The Masters That Never Was, Part VI: Jordan Spieth surges in historically tough conditions
Ed. note: This is the sixth installment of The Masters That Never Was, a fictional account of how the Masters Tournament might have played out had it been conducted this week at Augusta National Golf Club.
AUGUSTA, Ga. — In the history of the Masters, it is unlikely that any contestant has shot a first-round 78 and had more scrutiny for his second round. But that’s exactly where Jordan Spieth found himself Friday at Augusta National, playing in the most extreme wind the course has ever witnessed.
“I told you guys when I came in [on Thursday],” he said. “Did I not? I said, `We’re gonna turn this thing around, we will make this cut, and we will contend.’ ”
Spieth, as he often is, was accurate and prophetic. He shot a second-round 64, one off the course record. He did so in the highest winds ever recorded at a Masters. The Texan was one of only three players to break par for the day.
“You could play this thing in a November hurricane and not get wind like this,” said Kevin Kisner, who grew up in nearby Aiken, S.C., and knows the local conditions well.
The players, tournament officials and spectators were completely unprepared for the cold day and intense winds. The forecast had been for a mild and still day. But a freak storm system that meteorologists could not explain brought sustained winds of 40 mph throughout the day with gusts as high as 60 at Augusta Regional Airport.
Between dawn and the first tee time, the club erected an enormous fiberglass windshield along its border with Washington Road. The screen, built by 800 workers and volunteers, diminished winds to a significant degree and allowed play to continue unabated. Still, the players had to contend with 30-mph winds throughout the day. A total of 68 balls finished in water hazards on Friday, a record. The tee on the par-3 12th hole was moved up by more than 25 yards and played at 131 yards.
“The club did everything it could — they gave us a fighting chance,” said Englishman Danny Willett, the 2016 winner, who hit a 4-iron on 12 and made one of the two birdies recorded there on Friday. The scoring average on 12, playing dead into the wind, was 6.6.
Spieth beat one of his playing partners, Rickie Fowler, by 18 shots, and the third member of the group, Latin America Amateur champion Abel Gallegos, by six. With unlikely rounds of 78-64, Spieth, the 2015 Masters champion, posted a two-day total of 142, 2-under par, and made the cut with seven shots to spare. He is only two shots off the lead, held by Tiger Woods and Mike Weir.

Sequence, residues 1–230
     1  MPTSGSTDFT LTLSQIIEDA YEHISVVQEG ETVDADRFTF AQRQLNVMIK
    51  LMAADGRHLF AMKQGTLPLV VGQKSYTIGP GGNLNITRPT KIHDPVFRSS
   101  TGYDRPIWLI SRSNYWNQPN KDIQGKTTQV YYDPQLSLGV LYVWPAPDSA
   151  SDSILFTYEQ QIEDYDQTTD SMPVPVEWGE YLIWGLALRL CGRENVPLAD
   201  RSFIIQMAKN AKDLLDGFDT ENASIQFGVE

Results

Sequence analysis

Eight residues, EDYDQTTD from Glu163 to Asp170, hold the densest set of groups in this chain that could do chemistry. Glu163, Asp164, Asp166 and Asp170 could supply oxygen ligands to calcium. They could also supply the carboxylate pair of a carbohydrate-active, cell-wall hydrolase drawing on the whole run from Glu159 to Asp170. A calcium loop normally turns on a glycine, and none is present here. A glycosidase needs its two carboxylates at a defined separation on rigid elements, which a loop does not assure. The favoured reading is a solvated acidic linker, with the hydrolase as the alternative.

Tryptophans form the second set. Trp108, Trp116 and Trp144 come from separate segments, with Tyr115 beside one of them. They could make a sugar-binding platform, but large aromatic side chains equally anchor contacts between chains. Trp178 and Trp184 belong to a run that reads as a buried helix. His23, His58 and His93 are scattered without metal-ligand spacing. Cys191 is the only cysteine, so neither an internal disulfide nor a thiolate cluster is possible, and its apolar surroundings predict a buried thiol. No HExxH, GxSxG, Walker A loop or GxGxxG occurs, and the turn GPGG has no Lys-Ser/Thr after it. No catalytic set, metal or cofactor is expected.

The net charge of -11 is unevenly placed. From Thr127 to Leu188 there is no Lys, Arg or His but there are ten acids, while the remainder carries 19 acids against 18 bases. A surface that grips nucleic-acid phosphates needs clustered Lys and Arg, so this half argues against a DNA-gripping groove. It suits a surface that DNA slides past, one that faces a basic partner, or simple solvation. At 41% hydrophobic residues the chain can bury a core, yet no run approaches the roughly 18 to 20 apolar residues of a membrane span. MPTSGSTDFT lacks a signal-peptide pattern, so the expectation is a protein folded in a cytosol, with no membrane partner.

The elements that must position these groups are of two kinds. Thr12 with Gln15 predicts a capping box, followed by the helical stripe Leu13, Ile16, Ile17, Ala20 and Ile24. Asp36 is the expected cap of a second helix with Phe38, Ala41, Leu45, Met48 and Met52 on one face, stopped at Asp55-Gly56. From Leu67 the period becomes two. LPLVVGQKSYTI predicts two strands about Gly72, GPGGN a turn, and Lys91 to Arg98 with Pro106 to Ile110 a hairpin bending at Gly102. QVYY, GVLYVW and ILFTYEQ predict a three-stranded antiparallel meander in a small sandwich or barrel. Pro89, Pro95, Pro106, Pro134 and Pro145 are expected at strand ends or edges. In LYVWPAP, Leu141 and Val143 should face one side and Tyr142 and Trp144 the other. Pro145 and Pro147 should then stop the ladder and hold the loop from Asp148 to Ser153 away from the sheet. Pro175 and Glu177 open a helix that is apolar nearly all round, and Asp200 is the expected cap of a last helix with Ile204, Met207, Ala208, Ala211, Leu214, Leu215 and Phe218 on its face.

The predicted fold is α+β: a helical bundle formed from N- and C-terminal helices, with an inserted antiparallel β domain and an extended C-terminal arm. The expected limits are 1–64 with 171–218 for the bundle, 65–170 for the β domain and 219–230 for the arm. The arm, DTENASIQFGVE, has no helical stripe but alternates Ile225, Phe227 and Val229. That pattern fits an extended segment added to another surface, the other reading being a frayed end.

“Tell you what,” Woods said after posting a second-round 70 that moved him 17 places up the leaderboard. “For Jordan to shoot 64 in these conditions is like shooting 59 in regular conditions. I feel like I didn’t miss a shot all day. I mean, you look at that leaderboard on 18, you’re not seeing a lot of red.”
Kisner, passing Spieth, an earlier finisher, on his way into the clubhouse, said, “Sixty-four — how many holes did you play?”
He played the first four holes in 12 shots: birdie 3, eagle 3, birdie 3, par 3.
“We just felt like if we could get a lot of 3s on the card that would be good for us,” Spieth told reporters outside the scorer’s room.
Spieth took a putter and made a mock gesture on kneecapping his playing partner Fowler.
“Hey,” Spieth said. “I gave you a shot a hole — I think that’s more than fair.”
Spieth made his last 3 of the day on the par-5 15th, where he hit a hooded 3-iron off the tee, smashed a grounder with his putter for his layup second shot and holed out with a lob wedge for his third.
Rory McIlroy, five shots off the lead and looking to complete the career grand slam, was standing on the 15th tee watching Spieth play his second shot with a putter.
“I thought it was the damnedest thing I had ever seen on a golf course, that he had, like Kurtz in ‘Heart of Darkness,’ lost his mind,” McIlroy said. “Of course, I then tried to do the exact same thing. And you all know how that worked out.”
McIlroy bent the shaft of his putter and putted with a pitching wedge for the rest of the round.
Woods was almost unrecognizable as he wore baggy rain pants, a windbreaker and a ski hat that covered his ears and chin. He also wore wraparound glasses.
“Hey, I live in South Florida,” the defending champion said. “We’re not used to this. Phil [Mickelson] was saying upstairs [the champions locker room] that this weather is proof of global warming. Fuzzy [Zoeller] goes, ‘Phil, you might be chewing a little too much gum.’ ”
The weekend forecast, reliable or not, is for two unusually warm and pleasant days, with zero percent chance of rain and daytime highs in the low 80s.
Spieth was asked if he preferred for the extreme weather to continue.
“Honestly, no,” he said. “Today was a struggle for the patrons, particularly the elderly among them, and it can’t be easy on the camera operators or the caddies and you know what happened to the flagstick on nine.”
The flagstick on nine, an elevated exposed green, snapped in half in a wind gust.
“But what about for you?” a reporter asked.
“Just say that we smiled at the prospect of more cold wind,” Spieth said.
The Round 3 recap from The Masters That Never Was will be published on GOLF.com on Saturday evening.
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